Warm temperatures and rainy days have created difficult conditions this winter for Granite Staters who like to get out in the snow.
With a snowstorm in mid-December, many local ski areas were able to establish a base coating on their slopes. At Pats Peak in Henniker, N.H., most trails have opened. But the recent conditions have taken a toll, said Lori Rowell, director of marketing and sales.
“It’s definitely been more challenging with the weather being warmer,” she said, “And not having any consistent snowmaking in the last few weeks has definitely put more stress on everyone to have the terrain that we want.”
Rowell said the ski area was hopeful for a cold snap ahead of the Martin Luther King Jr. Day weekend so they could run snow machines and open up a couple more trails.
Ski New Hampshire president Jessyca Keeler says making snow has been a big part of the state’s ski industry for decades. Now, it’s a staple.
“It’s something we rely on to stay open, especially when we have these warmer weather events,” she said. “Ski areas have invested so much money over the years, over decades, to constantly upgrade those systems.”
As the climate changes, winters in New Hampshire are warming up faster than other seasons. According to the state’s most recent climate assessment, snowfall is projected to decrease by up to 50% by the end of the century.
And despite the improvements in snowmaking equipment, warming winters are on Keeler’s mind.
“I’m sure there will be a point where we can’t have 40 degree weather and make snow,” she said. “But we’ve been able to keep up with it so far.”
Keeler said ski areas are making some changes to prepare for warmer winters to come. More are adding off-season activities on their mountains, and hosting events like weddings and corporate meetings. And some are working to lower their carbon footprint through things like more efficient snowmaking, installing LED lights and heat pumps, and considering more renewable energy sources.
Making the best of a warm winter
Even without much snow, some Granite Staters still got out over the weekend to enjoy winter activities.
After strapping on her snowshoes, Heather McKendry led a small group around the Tin Mountain Conservation Center’s new accessible trail on Saturday.
Snowshoeing is a good way to get to know people, she said.
“I actually resisted it for years because I thought it was slow. But it’s a chance to see animal tracks, notice things, slow down, be with other people,” she said.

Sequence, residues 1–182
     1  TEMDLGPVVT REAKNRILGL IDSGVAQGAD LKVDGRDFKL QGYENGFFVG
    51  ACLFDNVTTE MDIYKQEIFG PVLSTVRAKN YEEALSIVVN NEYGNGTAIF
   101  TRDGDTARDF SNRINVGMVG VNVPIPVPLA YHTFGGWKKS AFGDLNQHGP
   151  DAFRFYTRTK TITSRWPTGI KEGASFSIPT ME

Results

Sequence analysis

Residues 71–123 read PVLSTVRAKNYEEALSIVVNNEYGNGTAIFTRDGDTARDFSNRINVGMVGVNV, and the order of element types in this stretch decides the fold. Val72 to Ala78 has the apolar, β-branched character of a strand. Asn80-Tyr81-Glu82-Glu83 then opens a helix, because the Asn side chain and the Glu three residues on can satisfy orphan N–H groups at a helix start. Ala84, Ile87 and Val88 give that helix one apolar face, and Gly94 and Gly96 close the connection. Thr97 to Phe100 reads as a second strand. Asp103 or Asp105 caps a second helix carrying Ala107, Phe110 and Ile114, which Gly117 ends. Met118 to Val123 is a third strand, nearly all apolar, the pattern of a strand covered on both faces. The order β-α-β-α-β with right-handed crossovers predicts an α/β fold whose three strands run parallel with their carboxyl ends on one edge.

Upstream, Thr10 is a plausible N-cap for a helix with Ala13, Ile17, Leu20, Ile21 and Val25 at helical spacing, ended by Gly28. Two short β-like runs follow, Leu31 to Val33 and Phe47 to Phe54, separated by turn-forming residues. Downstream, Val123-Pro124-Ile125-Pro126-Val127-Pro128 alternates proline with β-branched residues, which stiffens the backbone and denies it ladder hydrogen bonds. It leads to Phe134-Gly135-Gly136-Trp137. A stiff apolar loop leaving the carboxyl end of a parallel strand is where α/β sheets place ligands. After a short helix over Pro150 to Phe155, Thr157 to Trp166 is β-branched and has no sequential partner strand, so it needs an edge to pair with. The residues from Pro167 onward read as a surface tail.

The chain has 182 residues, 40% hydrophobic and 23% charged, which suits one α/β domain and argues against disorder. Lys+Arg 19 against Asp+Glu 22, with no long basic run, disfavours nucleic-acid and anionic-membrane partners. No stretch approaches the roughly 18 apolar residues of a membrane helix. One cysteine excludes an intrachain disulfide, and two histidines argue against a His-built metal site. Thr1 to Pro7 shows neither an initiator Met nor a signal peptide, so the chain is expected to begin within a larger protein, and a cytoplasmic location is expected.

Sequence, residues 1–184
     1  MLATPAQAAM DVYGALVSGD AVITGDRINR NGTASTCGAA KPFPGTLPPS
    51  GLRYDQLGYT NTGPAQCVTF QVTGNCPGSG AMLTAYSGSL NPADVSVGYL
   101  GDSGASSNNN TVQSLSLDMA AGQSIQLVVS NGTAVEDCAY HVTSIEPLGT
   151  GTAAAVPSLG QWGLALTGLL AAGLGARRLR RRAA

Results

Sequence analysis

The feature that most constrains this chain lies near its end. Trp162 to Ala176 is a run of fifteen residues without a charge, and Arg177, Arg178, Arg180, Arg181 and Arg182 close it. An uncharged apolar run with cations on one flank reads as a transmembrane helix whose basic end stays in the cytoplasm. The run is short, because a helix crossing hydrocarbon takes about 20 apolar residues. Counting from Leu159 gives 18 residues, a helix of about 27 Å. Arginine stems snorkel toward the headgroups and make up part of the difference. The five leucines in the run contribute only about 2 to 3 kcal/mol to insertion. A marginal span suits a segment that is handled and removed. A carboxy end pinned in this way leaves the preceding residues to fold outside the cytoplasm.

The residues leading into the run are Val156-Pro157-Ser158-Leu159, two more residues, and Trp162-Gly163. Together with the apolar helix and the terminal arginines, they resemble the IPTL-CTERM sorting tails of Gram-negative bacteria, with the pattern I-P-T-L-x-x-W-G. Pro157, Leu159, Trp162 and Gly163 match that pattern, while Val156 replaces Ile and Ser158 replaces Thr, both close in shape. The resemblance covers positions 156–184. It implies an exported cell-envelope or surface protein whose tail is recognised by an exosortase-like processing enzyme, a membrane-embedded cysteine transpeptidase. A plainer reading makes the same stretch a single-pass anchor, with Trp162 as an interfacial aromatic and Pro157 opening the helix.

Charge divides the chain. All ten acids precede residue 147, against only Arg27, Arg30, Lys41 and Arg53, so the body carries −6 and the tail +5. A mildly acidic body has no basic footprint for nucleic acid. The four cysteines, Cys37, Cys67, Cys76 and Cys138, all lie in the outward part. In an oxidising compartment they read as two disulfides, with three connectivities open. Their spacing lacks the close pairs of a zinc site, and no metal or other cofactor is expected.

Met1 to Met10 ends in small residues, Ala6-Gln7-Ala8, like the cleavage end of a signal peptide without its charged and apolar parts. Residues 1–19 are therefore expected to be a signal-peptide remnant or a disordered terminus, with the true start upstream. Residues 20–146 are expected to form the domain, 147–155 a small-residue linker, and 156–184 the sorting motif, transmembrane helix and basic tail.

Jennifer and Sara Smith drove up from Pembroke for the tour. A large group signed up, but the Smiths were the only participants who came.
Jennifer said she’d usually be cross-country skiing this time of year, but there hasn’t been enough snow.
“It’s kinda hard right now, White Farm is just mud,” she said.
Friday’s storm brought a dusting of snow to the trees near Tin Mountain. But the snow was barely deep enough to need snowshoes, and some parts of the trail were still crunchy with gravel.
McKendry said she’s seen winters get warmer throughout her years guiding in northern New Hampshire, and she worries conditions will continue to get worse as the climate changes.
“That’s why we’re out here today, right? Seizing every opportunity. I know I will,” she said.
Encouraging the next generation
Warm weather has so far canceled or postponed most youth ski races this winter.
But the Gus Pitou Memorial at Gunstock Mountain Resort in Gilford, N.H., Sunday was an exception.
The race, which has been run for more than 50 years, honors the father of Penny Pitou, who in 1960 was the first American to win an Olympic medal in downhill skiing.
Penny Pitou was on hand offer encouragement to participants.
“There have been some very very successful ski racers that have come though this race, including Mikaela Shiffrin, who came many years ago when she was quite young,” Pitou told the junior racers. “So you could be another Michela Shiffrin or one of the many men who’ve done well in ski racing.”
Continued cold nights in the mountains should improve ski conditions for racers — and everyone else.